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Global Market Report - 15 October

Lex Hall  |  15 Oct 2019Text size  Decrease  Increase  |  
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Australia

The Australian share market is expected to open lower after Wall Street dipped as a rally sparked by optimism about US-Chinese trade prospects appeared to run out of steam.

At 7am the SPI200 futures contract was down 32 points, or 0.48 per cent, at 6,591.0, suggesting a fall for the benchmark S&P/ASX200 on Tuesday.

The Australian share market closed higher for a third day yesterday, playing catch-up after the US and China struck a truce on tariffs after Friday's close.

The benchmark S&P/ASX200 index rallied hard at the open but then gave up half of its gains later in the day to finish Monday up 35.8 points, or 0.54 per cent, to 6,642.6 points, while the broader All Ordinaries closed up 36 points, or 0.54 per cent, to 6,757.9 points.

On Wall Street overnight, the Dow Jones Industrial Average was down 0.10 per cent, the S&P 500 was down 0.05 per cent and the tech-heavy Nasdaq Composite was down 0.03 per cent.

The Aussie dollar is buying US67.74 cents from US67.76 cents on Monday.

Asia

Stock markets cheered news of a trade agreement. China's blue-chip CSI300 index gained 1.1 per cent while the Shanghai Composite Index rose 1.2 per cent.

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In Hong Kong, the Hang Seng index finished 0.76 per cent higher at 26,509. The index started a rebound from seven-week lows last Thursday boosted by positive trade talks news.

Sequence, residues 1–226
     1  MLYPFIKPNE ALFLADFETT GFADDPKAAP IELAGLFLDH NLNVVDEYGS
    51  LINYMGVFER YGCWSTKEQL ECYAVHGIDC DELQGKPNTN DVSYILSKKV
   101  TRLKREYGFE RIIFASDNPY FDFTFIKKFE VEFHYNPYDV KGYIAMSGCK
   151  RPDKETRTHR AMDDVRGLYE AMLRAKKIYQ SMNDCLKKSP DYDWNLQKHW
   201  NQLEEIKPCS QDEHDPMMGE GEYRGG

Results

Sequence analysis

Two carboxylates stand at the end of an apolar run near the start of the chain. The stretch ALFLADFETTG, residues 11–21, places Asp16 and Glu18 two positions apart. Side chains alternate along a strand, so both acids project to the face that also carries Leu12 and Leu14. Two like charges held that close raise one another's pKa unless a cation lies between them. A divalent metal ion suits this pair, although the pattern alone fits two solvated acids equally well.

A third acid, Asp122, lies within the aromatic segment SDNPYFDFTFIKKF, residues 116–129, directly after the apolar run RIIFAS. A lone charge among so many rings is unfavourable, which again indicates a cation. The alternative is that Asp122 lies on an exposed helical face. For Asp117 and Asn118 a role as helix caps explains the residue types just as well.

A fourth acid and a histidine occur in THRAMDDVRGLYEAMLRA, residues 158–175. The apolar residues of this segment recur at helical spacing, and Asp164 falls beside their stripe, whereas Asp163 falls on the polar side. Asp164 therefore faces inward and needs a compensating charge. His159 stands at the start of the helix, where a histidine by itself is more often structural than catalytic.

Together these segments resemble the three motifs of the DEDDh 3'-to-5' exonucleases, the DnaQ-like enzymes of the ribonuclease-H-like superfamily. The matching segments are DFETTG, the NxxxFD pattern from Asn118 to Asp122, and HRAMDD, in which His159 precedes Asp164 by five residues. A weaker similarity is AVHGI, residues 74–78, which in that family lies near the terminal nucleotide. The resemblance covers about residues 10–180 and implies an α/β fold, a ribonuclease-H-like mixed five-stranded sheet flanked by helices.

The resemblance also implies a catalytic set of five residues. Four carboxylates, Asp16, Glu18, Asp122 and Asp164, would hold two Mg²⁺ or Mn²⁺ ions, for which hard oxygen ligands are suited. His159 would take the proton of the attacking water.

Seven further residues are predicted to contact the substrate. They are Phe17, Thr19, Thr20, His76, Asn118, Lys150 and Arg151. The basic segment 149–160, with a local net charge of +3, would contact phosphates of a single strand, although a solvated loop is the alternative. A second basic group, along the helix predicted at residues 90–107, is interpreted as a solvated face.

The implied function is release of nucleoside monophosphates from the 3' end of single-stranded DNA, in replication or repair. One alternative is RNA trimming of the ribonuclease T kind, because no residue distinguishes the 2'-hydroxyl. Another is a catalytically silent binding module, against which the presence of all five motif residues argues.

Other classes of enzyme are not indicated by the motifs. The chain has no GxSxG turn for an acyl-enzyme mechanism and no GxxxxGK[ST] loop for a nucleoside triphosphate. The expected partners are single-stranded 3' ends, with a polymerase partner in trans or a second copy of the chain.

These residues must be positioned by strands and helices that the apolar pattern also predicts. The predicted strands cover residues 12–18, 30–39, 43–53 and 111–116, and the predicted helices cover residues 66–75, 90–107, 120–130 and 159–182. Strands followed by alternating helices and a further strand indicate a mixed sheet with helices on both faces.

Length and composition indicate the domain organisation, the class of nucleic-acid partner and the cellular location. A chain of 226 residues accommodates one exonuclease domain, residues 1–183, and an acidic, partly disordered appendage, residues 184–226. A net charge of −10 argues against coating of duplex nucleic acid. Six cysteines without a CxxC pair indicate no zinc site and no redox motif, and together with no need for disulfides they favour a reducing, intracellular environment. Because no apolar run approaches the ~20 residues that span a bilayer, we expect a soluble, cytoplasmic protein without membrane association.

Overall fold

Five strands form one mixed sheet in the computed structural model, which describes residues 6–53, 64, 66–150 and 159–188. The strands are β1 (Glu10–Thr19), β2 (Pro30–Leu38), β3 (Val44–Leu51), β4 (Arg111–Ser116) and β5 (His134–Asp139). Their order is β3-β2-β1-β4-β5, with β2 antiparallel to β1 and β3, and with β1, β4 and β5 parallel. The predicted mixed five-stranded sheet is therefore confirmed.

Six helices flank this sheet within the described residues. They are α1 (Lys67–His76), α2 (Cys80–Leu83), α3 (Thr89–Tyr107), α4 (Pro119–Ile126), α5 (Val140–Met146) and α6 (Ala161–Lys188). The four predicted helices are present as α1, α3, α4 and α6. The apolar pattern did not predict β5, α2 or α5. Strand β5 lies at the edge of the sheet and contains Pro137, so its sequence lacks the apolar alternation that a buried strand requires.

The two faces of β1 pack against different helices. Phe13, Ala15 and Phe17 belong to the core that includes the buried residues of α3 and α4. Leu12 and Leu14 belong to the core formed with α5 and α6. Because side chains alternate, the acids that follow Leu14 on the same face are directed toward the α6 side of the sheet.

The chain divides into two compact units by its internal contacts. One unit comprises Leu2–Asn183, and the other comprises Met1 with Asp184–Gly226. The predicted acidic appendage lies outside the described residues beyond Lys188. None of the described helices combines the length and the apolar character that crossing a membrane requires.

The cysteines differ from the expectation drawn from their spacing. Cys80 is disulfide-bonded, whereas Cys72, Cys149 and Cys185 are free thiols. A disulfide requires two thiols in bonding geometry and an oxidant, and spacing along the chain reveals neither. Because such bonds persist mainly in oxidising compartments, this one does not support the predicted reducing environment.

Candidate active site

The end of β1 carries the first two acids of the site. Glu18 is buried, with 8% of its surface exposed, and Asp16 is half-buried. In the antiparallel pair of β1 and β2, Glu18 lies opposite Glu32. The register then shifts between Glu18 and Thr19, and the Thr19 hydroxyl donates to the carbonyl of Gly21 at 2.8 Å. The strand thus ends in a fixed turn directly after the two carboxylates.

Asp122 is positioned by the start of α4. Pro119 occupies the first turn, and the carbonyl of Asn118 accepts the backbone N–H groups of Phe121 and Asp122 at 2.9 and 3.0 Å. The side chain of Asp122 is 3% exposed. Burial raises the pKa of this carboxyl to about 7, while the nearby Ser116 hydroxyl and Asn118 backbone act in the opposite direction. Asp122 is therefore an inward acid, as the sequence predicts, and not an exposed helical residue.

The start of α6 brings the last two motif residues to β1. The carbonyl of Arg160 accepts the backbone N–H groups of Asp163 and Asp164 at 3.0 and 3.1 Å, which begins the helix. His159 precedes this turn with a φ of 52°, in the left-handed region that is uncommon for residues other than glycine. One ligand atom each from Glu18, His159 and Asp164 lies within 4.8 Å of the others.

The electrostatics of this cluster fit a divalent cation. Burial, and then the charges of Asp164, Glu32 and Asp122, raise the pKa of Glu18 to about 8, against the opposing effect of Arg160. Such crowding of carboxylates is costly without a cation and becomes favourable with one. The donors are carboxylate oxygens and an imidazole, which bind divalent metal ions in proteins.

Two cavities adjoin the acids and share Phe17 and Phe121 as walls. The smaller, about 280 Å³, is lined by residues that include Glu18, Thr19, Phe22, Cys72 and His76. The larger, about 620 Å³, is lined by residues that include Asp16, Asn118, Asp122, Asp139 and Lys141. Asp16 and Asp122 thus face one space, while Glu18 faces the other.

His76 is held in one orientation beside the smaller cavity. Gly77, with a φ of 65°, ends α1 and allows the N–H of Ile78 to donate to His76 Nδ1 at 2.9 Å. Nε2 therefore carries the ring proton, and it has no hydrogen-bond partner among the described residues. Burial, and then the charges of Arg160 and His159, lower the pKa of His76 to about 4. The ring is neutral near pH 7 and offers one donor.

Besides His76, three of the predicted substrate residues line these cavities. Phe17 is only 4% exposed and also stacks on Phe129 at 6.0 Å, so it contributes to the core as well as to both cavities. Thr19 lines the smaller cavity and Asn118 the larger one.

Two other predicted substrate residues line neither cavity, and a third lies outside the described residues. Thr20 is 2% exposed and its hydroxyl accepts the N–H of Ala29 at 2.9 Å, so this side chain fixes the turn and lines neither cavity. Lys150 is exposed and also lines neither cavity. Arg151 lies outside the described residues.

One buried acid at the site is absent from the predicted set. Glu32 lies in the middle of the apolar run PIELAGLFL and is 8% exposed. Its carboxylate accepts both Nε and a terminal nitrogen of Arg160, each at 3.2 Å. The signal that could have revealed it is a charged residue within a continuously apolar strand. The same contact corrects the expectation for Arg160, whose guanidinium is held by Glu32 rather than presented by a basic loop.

Markets in Tokyo were closed.

Europe

A three-day rally in European shares came to a halt on Monday as investors assessed the scale of progress from Friday’s US-China trade talks and worried that a Brexit withdrawal agreement was still some way off after earlier signs of a breakthrough.

The pan-European STOXX 600 index closed down 0.5 per cent, but erased nearly half of losses made earlier in the session as defensive sectors gained some favour and automakers rose.

Growing optimism around Sino-US trade talks and a Brexit agreement had helped the index log its best one-day percentage gain since early January, making the slight pullback natural.

However, a report on Monday that Beijing wanted more talks before signing Washington’s “phase one” deal added to doubts about a trade deal, with analysts warning that nerves over a slowdown in global growth and the Brexit process were still high.

Late on Friday, the US outlined the first phase of a trade deal and suspended this week’s scheduled US tariff hikes on Chinese goods, but existing tariffs remained in place and officials on both sides said much more work was needed before an accord could be agreed.

The 15-month trade war between the world’s top two economies has sapped business confidence and disrupted supply chains around the world. Latest data out of China showed a further contraction in exports and imports in September.

Mining stocks, among the chief barometers of concern over the Chinese economy, shed 2.5 per cent, leading declines among the European sub-sector trading in the red.

Meanwhile, a Brexit deal was hanging in the balance on Monday after diplomats indicated the European Union wanted more concessions from Prime Minister Boris Johnson and said a full agreement was unlikely this week.

Britain's domestically focused FTSE mid-caps gave up 0.56 per cent following Friday's 4 per cent surge, while London's blue-chip stocks closed down 0.46 per cent.

Bank stocks were the biggest drag on the benchmark STOXX 600 index, down 0.8 per cent, as euro zone bond yields fell due to investors pouring into the safety of fixed income.